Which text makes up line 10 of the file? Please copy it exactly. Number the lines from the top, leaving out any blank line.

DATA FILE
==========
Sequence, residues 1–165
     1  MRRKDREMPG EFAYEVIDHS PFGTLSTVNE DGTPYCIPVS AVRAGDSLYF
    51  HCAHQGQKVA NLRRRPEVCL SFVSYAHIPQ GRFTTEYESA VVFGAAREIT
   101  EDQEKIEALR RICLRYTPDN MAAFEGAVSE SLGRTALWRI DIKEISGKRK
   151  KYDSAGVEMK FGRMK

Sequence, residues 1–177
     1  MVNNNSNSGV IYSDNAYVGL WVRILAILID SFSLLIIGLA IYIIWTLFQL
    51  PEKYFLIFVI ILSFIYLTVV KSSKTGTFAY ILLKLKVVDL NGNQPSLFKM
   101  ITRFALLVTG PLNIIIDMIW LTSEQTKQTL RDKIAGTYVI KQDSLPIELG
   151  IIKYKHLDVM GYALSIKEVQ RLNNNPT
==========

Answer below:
   151  IIKYKHLDVM GYALSIKEVQ RLNNNPT